Did you know that moving teachers between grade levels, or "grade switching," can actually be harmful to student achievement? Read more in Can Moving Teachers Between Grade Levels Actually Be Harmful to Students?, a brief with specific tips on what school leaders can do to mitigate the damage from grade switching when planning teacher assignments for the coming year.
- Grade switching isn't good for teachers. When you switch a teacher between grades, her rate of improvement drops by as much as 20 percent—no matter the teacher's level of experience or the grade level.
- The negative impact on student learning is big and can still be measured two years out. Research shows that students taught by a teacher who typically teaches another grade level experienced the equivalent of about 42 to 50 days less learning (that's more than two months!) in the initial year and another 22 days in the following year.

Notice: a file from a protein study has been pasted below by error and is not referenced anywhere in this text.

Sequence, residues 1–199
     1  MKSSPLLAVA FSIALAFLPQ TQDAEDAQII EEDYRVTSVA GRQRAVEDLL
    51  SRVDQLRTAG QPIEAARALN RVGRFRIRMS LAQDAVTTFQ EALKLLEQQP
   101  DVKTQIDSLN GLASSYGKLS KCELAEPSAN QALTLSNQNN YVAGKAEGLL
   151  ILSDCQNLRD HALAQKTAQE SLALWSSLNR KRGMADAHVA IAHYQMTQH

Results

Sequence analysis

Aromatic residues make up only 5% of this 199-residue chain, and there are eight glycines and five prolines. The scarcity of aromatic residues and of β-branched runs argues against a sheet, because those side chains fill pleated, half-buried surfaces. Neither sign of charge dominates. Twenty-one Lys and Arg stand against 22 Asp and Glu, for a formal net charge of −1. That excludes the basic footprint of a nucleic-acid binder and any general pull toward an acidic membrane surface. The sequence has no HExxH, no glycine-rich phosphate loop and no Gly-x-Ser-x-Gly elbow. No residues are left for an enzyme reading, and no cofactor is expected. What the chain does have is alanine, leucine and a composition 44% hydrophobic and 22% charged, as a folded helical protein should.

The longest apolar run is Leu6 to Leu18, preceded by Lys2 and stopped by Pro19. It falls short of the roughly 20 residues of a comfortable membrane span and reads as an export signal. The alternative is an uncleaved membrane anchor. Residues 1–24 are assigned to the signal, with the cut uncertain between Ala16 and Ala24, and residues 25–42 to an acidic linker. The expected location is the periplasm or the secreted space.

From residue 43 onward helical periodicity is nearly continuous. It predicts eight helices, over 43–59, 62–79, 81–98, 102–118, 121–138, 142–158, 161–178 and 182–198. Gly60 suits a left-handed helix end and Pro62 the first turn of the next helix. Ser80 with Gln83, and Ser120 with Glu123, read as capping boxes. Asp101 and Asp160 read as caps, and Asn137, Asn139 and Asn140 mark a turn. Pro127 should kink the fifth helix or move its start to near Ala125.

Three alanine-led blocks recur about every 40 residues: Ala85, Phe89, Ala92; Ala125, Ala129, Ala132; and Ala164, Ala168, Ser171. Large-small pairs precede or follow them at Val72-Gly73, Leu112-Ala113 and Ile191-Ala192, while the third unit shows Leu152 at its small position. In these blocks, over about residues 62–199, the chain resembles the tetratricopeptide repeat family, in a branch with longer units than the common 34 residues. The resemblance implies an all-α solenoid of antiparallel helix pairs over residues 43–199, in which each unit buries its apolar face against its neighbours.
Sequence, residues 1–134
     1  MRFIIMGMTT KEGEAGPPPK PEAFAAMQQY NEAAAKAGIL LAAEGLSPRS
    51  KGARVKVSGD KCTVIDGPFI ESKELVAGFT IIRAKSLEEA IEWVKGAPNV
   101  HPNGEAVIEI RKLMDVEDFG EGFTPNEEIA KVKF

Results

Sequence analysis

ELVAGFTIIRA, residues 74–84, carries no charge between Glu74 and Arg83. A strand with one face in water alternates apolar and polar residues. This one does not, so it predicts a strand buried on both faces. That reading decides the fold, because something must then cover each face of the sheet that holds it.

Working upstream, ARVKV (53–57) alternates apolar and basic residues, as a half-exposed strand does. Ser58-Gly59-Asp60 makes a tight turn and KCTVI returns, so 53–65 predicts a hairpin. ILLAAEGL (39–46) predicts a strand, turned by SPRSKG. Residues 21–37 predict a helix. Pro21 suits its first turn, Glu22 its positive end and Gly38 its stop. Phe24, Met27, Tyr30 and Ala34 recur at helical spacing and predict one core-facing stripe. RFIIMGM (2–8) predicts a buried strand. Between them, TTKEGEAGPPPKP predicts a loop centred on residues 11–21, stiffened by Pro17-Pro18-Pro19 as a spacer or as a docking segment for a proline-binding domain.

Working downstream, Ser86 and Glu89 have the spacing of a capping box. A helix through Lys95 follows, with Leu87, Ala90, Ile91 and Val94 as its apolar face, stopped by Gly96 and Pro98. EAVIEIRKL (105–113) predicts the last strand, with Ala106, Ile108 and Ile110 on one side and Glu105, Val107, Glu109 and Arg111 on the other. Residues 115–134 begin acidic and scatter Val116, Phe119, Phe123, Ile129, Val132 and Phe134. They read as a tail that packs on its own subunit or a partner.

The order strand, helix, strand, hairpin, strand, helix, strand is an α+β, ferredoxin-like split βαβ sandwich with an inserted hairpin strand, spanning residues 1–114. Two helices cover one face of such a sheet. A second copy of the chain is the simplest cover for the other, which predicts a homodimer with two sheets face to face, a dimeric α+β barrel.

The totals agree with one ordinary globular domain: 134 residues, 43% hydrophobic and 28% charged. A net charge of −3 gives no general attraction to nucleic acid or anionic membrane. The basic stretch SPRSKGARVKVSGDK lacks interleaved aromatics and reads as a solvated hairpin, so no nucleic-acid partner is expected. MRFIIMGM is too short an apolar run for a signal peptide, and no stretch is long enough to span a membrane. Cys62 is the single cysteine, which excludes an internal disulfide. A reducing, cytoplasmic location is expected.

- "Strategic" grade switching may actually backfire. Shifting your strongest teachers to tested grades seems like a logical approach, but it often involves moving those less effective teachers into the earlier (untested) grades. Given that this is when children learn how to read, this strategy can do real damage that is hard to undo in later grades.
- Our most vulnerable students are more likely to be assigned to teachers who switched grades than others. Students of color, students of lower socio-economic status, and English learners are more likely to have teachers who have been switched to new grades, meaning that these students disproportionately suffer the effects of these lower-performing teachers.
- Keeping teachers in the same grade helps with teacher retention. Teachers who switch grades tend to leave their schools the next year at a rate 40 percent higher than average.
Download Can Moving Teachers Between Grade Levels Actually Be Harmful to Students? to learn more about what can be done to protect against the harm of grade switching.